Kizza Besigye, vying for the presidency in Uganda’s forthcoming elections, was midway through a party speech last summer when the public address system went silent.
Had it occurred in his presidential campaign, some might have suspected a plot to silence one of President Yoweri Museveni’s most vociferous critics. The real reason was more mundane: the generator powering up the loudspeakers had run out of fuel.
Mr Besigye’s supporters clubbed together for the cash needed to get the generator going again, setting the tone for a campaign that has been remarkable for the willingness of his supporters to shower their candidate with money and livestock – a reversal of the traditional wisdom that the candidate with the deepest pockets wins.
With eight candidates battling it out for the presidency, including Mr Museveni, now 30 years in power, Uganda’s election campaign has triggered a revival of interest among voters, defying the claimed intimidation tactics.
Mr Museveni, who lifted presidential term limits more than a decade ago, is widely expected to win elections on Thursday, but fissures in his rule are beginning to show. It is Mr Besigye – who has been tear-gassed, shot with rubber bullets, beaten by police and arrested on numerous occasions – who appears to be winning the sympathy vote.
The loser in each of the three elections he has contested, Mr Besigye, a charismatic politician who was Mr Museveni’s personal doctor during the guerrilla war that brought the President to power, has every time alleged ballot-rigging and intimidation.
In rural areas, where most Ugandans either live below or hover just above the poverty line, Mr Besigye’s supporters have traipsed miles to his rallies, and pushed through the crowds to present him with a little cash or give him goats, chickens, turkeys or rabbits.
At a rally, Simon Amodoi, a struggling farmer, squeezed past supporters to hand the presidential candidate a sheep. “I gave the sheep to say ‘thank you’ for the suffering he had endured while standing up for us ordinary people,” he told a local newspaper.
It is a reversal of what critics describe as the creeping commercialisation of elections, with candidates buying votes, particularly in poor rural areas, for as little as 2,000 Ugandan shillings (£0.40), a kilo of salt or a bar of soap. Mr Museveni, in particular, woos people to rallies with free T-shirts and other handouts.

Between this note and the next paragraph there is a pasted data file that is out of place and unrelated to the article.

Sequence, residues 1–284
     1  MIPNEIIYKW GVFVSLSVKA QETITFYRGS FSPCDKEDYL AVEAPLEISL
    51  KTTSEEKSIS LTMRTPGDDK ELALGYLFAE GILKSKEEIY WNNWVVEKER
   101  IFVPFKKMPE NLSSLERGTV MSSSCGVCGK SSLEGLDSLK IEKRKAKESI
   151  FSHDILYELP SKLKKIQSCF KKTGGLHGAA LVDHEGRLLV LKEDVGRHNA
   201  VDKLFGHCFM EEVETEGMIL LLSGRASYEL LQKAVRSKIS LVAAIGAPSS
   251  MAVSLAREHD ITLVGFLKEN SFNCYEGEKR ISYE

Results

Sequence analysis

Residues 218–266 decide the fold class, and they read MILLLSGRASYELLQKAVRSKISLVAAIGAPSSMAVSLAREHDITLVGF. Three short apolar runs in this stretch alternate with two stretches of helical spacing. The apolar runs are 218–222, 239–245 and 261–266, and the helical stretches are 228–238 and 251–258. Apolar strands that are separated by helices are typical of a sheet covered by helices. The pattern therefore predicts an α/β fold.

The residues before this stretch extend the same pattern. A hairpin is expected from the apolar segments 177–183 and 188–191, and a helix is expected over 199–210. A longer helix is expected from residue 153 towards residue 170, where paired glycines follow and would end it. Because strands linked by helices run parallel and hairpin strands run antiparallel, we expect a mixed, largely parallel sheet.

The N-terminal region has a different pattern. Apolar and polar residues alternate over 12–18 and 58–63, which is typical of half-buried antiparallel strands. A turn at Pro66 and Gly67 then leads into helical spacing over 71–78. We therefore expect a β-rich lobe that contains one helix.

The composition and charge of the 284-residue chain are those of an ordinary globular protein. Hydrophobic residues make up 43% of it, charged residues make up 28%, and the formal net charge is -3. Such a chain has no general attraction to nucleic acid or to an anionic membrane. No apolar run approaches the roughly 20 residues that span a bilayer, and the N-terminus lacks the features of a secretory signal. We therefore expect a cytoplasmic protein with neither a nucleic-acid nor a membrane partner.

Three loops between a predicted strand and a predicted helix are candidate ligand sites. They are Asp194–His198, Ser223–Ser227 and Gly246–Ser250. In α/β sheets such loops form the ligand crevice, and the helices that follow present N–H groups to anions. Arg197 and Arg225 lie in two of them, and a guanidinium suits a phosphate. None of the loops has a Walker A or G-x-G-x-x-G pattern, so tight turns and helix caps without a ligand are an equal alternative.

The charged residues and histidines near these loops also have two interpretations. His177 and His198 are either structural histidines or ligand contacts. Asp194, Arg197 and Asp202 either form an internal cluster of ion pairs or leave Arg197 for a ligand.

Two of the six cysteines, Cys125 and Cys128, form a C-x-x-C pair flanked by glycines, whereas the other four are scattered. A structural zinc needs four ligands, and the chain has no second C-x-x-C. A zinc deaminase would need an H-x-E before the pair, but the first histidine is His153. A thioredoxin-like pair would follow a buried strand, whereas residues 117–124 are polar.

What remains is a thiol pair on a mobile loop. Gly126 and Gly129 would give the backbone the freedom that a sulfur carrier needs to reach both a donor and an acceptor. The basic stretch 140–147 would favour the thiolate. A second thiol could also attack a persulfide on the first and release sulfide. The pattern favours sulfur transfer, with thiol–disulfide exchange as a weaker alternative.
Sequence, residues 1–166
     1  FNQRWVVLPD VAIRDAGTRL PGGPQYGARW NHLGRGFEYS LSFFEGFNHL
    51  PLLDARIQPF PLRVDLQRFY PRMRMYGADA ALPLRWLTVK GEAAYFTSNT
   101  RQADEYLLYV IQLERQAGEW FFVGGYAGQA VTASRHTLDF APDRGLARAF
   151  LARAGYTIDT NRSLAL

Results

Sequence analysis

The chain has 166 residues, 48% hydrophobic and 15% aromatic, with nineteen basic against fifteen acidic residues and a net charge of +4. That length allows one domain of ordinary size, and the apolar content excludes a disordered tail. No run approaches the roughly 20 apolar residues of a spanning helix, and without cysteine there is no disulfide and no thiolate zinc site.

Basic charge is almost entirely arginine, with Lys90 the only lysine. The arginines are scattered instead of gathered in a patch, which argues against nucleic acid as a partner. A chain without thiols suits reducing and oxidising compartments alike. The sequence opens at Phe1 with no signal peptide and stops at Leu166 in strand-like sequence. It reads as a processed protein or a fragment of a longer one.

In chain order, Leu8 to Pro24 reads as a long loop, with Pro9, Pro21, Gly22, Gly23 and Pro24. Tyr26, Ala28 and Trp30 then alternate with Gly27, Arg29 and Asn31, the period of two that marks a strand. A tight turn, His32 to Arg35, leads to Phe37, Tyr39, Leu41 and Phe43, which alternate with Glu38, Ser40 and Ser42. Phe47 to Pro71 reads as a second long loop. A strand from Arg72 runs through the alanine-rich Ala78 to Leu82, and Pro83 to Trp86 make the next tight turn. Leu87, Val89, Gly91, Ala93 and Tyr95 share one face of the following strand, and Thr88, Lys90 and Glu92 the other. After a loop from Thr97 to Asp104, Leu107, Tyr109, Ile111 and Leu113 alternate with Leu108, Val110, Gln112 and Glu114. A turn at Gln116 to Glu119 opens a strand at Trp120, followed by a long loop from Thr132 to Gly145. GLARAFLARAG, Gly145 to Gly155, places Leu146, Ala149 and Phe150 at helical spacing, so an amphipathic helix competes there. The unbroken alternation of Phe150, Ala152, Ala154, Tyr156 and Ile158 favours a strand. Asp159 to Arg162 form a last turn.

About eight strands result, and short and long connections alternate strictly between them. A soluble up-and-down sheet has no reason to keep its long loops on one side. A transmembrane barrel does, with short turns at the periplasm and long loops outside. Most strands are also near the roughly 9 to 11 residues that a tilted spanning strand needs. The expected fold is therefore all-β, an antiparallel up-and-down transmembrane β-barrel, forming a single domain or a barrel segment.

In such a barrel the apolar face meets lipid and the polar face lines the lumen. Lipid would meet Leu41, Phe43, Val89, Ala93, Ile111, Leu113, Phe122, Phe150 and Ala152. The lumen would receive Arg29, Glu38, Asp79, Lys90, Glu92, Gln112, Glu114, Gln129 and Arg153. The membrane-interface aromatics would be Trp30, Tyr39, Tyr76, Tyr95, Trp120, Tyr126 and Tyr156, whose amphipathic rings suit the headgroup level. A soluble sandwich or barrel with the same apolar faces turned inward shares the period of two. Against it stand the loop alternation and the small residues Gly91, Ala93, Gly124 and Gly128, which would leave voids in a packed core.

Lavish pre-election spending contributed to rapid inflation after the 2011 elections, galvanising support for Mr Besigye’s “walk to work” demonstrations, a campaign of civil disobedience that was met with lethal force from the government. The opposition candidate has capitalised on the phenomenon, citing his swelling number of farm animals as a sign that voters want Mr Museveni to go. “I’ve never seen poor Ugandans give money to aspiring candidates, but I think this is a sign that enough is enough,” he said recently. “In Mbarara, I was given five cows and 14 goats and in Kasese, I received 12 goats.”
While some of the goats may have ended up in the pot, it was not before they were daubed in party colours or dressed in coloured coats, prompting one regional official from the ruling party to ban the presenting of goats at rallies because “it violates the rights of animals”.
Mr Museveni’s message, that only he can keep peace in the country once ravaged by the murderous regimes of Milton Obote and Idi Amin, resonates most with the older population. In an effort to widen his youth appeal, he recorded a rap track last summer, singing the lyrics himself, that Uganda’s Daily Monitor described as “more of a rendition of a nursery rhyme than an original composition”. Meanwhile, he was so tickled by the song “Tubonga Naawe” (“We Stand with You”), released at the outset of his campaign, that he rewarded the entertainment industry with a 400 million shilling (£79,600) donation – although it never became a hit.
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